This Is Why Your Face Turns Red When You Drink Alcohol

If your face turns as red as the wine in your glass, you may have this strange defect.

alcoholGeorge Rudy/ShutterstockDoes your face always look madly sunburnt after a couple glasses of Hennessy? You’re not alone. A drunken Internet search may have you paranoid about a plethora of serious dangers—intense allergic reactions, high blood pressure, alcoholism. 

But the real reason you look like an Oompa Loompa after happy hour all comes down to science. Basically, the flushed skin is your body’s way of letting you know that it’s not metabolizing alcohol the way it should be. Blood pressure skyrockets when alcohol is consumed, and the liquid is broken down into a compound called acetaldehyde. When your body cannot metabolize the compound during this process, the blood capillaries in your face dilate, resulting in a visibly blotchy face.

The phenomena is officially dubbed as “alcohol flush reaction,” defined as a condition in which an individual develops flushes associated with erythema on the face, neck, shoulders, and in some rare cases, the entire body.

Due to genomic differences, 80 percent of East Asians suffer with the syndrome. Most Asians inherit an overactive alcohol dehydrogenase, so they break down acetaldehyde extremely quickly, sometimes up to 100 times faster. Because of this, they don’t experience the typical alcohol “buzz.” Instead, an inactive variant of the liver enzyme ALDH2 causes acetaldehyde to clear from their bloodstream at a slowed pace, instigating a significantly greater buildup of acetaldehyde and Santa-like cheeks.

Although it is less common to see this syndrome in Europeans, Africans, and Mexican-Americans, people of Jewish descent do have a higher than average chance of suffering from it.

The negative aspects of alcohol flush reaction go beyond the aesthetic downside; the defect also abets rapid heartbeat, nausea, headaches, and overall discomfort.

Unfortunately, research from South Korea has shown that among people who sip four or more drinks per week, men with alcohol flush reaction were over twice as likely to develop high blood pressure later in life than guys who didn’t suffer from the defect. This puts those affected at greater risk for heart disease, stroke, and other hypertension-related health issues.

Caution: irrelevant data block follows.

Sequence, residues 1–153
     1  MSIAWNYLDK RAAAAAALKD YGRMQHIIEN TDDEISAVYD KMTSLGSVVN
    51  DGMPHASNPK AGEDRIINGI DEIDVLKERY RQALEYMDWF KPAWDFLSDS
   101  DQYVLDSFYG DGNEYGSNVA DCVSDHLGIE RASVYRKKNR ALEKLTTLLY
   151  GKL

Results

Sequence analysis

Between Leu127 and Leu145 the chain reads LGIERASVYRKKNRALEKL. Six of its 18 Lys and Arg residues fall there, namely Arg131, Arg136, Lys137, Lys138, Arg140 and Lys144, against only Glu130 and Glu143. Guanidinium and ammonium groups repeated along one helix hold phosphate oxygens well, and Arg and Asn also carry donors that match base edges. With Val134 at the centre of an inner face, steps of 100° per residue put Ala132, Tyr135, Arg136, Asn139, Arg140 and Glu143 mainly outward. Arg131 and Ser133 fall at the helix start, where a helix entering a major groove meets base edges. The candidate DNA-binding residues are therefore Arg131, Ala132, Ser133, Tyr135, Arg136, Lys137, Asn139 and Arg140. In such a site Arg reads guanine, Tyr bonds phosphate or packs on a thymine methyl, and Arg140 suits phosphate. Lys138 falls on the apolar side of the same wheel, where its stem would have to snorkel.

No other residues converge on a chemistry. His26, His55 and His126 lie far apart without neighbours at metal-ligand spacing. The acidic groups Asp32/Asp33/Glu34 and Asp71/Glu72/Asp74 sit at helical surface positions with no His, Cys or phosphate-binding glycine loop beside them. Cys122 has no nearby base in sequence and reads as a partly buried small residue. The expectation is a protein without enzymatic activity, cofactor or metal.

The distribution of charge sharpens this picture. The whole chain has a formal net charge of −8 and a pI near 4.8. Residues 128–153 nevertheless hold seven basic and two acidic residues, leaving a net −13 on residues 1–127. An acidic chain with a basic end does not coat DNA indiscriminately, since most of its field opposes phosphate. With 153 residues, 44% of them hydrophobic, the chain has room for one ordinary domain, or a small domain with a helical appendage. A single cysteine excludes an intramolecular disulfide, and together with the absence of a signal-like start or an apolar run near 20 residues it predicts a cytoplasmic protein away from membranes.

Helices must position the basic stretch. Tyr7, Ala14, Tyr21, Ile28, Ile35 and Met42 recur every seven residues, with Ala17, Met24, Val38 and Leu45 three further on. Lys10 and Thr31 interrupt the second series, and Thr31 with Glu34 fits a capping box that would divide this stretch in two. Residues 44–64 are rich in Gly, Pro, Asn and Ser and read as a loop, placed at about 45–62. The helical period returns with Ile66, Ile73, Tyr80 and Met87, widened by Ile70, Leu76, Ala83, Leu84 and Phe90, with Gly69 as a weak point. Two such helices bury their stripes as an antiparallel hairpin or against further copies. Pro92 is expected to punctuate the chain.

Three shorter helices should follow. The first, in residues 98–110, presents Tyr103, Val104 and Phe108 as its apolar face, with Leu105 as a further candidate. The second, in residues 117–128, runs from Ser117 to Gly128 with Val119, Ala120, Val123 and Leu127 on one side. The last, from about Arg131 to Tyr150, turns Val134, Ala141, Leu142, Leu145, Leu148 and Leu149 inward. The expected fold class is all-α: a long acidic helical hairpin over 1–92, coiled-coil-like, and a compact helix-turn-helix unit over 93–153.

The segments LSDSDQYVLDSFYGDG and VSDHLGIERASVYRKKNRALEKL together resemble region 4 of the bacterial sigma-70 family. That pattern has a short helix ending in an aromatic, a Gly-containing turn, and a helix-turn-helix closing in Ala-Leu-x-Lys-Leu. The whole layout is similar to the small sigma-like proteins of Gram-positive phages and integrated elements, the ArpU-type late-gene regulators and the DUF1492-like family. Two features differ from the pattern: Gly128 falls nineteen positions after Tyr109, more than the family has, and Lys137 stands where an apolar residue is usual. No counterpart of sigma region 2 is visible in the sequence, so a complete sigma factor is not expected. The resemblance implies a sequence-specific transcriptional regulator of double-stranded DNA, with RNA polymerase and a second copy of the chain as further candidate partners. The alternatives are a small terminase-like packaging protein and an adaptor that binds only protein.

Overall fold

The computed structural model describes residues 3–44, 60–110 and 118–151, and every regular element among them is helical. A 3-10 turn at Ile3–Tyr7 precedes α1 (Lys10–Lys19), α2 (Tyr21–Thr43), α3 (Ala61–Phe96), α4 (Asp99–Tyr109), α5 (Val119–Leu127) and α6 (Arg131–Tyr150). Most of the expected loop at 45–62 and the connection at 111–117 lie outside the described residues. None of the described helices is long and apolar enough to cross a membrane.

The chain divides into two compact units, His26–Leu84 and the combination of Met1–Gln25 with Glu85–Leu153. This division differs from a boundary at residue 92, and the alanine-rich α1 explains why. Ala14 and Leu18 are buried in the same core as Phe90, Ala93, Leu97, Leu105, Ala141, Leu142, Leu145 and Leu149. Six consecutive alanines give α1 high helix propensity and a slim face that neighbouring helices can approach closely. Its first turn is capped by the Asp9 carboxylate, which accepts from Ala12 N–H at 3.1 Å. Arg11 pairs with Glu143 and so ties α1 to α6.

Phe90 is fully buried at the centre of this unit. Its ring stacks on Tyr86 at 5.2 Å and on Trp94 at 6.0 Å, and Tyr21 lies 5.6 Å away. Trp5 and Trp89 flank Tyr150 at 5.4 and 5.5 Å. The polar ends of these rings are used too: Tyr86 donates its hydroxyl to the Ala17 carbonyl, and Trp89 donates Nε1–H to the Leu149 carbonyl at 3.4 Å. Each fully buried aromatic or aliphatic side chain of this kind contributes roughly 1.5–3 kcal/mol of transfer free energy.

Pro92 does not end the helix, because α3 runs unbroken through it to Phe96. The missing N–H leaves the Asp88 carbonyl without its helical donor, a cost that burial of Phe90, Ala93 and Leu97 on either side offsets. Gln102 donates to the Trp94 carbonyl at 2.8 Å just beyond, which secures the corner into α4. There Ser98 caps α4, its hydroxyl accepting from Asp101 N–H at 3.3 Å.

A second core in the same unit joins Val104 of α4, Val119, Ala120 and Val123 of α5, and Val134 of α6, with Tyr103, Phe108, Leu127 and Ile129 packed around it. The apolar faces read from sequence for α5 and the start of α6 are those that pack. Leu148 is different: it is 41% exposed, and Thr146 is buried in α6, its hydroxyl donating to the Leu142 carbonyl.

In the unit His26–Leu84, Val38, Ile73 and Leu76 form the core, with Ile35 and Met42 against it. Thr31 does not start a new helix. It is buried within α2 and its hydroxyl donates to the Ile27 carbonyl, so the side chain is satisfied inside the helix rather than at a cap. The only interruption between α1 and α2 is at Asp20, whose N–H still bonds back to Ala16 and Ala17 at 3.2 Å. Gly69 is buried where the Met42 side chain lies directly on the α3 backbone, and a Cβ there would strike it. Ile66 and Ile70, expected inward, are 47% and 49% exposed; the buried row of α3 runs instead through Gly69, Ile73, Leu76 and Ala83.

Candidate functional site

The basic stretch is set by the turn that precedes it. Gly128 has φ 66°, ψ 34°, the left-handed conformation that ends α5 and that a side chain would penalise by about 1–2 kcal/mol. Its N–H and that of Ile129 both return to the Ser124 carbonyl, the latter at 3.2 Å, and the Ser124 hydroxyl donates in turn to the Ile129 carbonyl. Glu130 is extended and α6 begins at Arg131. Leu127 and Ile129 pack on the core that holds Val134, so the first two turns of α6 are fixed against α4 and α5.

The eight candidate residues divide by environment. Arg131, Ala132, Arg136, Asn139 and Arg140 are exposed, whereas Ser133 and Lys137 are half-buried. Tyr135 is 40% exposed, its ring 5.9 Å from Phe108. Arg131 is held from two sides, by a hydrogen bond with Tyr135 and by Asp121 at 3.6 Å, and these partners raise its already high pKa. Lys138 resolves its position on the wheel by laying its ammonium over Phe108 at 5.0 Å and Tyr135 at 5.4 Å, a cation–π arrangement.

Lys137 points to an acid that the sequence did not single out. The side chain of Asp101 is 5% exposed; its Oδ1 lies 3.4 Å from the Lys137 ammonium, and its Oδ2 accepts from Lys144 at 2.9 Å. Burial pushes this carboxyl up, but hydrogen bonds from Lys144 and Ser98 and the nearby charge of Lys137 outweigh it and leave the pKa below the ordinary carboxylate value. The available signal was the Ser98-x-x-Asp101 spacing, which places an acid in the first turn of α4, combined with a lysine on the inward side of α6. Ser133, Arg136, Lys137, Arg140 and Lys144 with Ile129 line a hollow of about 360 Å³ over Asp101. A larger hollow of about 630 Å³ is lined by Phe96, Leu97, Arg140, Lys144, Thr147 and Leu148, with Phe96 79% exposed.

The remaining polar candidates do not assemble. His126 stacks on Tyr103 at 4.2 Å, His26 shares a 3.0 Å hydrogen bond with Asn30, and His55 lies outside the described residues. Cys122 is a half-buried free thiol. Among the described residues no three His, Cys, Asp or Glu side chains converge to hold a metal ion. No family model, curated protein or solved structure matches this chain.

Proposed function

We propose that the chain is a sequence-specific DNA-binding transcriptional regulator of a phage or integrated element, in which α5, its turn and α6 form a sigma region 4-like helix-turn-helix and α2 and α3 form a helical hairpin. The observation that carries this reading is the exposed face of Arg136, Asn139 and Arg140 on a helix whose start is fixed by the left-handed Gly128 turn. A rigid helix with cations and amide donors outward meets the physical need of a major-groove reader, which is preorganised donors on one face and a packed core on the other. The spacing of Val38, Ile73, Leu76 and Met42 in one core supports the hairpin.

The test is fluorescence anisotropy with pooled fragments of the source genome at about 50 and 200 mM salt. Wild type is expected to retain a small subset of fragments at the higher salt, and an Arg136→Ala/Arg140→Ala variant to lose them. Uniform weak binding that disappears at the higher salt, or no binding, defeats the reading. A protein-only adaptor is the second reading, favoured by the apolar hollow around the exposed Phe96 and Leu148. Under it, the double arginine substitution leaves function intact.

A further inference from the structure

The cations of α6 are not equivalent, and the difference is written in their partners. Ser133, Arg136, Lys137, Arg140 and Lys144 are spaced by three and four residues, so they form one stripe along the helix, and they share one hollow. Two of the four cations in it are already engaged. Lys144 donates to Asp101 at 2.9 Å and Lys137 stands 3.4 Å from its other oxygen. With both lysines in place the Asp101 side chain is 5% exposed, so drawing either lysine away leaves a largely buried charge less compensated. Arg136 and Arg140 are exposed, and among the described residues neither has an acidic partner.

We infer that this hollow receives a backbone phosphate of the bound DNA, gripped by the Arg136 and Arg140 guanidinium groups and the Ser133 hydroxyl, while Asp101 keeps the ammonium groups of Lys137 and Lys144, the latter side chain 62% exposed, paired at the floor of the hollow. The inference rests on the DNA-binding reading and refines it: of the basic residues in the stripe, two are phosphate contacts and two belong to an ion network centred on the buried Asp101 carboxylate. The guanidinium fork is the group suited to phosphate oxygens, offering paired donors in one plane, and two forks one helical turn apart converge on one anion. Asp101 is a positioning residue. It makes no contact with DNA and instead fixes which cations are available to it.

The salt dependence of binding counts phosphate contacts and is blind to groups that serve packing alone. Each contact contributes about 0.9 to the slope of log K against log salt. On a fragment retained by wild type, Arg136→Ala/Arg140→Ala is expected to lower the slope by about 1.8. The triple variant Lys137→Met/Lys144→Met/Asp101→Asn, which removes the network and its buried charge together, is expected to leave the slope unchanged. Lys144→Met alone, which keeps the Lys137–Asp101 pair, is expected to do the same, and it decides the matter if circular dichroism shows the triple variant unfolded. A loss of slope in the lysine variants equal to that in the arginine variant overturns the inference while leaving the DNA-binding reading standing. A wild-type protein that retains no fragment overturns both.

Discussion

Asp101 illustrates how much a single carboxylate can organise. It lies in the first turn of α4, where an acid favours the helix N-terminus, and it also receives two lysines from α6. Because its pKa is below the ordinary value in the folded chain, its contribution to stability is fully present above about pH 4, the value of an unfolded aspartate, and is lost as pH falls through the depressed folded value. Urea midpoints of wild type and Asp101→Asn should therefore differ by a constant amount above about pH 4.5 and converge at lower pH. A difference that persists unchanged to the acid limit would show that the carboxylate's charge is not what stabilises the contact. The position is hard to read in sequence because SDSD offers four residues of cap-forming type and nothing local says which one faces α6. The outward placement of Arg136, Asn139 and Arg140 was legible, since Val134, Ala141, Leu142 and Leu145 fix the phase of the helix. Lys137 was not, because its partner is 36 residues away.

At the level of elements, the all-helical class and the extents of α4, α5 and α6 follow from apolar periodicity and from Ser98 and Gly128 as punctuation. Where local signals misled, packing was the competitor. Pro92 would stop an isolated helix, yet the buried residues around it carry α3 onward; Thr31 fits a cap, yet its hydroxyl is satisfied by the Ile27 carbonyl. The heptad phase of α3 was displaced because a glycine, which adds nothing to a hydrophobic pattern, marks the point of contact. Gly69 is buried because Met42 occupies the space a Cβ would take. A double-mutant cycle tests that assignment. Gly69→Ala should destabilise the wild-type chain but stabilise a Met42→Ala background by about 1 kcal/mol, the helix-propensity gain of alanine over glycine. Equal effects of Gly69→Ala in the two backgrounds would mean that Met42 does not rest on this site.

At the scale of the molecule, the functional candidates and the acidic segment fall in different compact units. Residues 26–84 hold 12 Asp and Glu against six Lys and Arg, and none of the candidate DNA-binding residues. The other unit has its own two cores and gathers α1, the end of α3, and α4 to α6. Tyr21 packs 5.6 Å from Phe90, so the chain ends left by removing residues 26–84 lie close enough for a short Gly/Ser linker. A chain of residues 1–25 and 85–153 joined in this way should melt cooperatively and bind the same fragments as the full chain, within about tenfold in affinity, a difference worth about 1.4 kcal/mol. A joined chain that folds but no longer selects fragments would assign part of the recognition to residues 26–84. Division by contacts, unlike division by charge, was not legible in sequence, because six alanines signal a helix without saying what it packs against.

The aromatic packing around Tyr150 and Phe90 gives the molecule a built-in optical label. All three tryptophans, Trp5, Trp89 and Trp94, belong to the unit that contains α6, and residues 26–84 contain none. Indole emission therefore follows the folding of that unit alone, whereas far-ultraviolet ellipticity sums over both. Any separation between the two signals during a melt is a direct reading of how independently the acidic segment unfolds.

But that doesn’t mean you need to shy away from the camera at every bar outing and happy hour you attend; although there is no cure, there are tactics to indulge yourself and minimize the rosy cheeks.

For starters, don’t start chugging cocktails to try and build up a tolerance with fingers crossed that the redness will eventually subside; unfortunately, it doesn’t work that way. Doctors avidly discourage this strategy as it may actually aggravate the condition.

Instead, limit your alcohol consumption; ideally, men should stick to two standard alcoholic drinks per day and women should adhere to a maximum of one alcoholic drink per day. Binge drinking will drastically overload your body, so stay away from the beer bong at parties.

But the best way to regulate the flush is to eat before or while you drink. A full stomach will protect the stomach lining against excessive alcohol irritation—and could even prevent a hangover. Fatty and carbohydrate-rich foods (pizza, bread, etc.) can stop the alcohol from entering the small intestines too quickly, slowing down the rate of alcohol absorption.

If you’re suffering with alcohol flush reaction, identify your limit and avoid exceeding it as much as possible. That may mean bidding adieu to your favorite drinks, so try this yummy mocktail in the meantime. 

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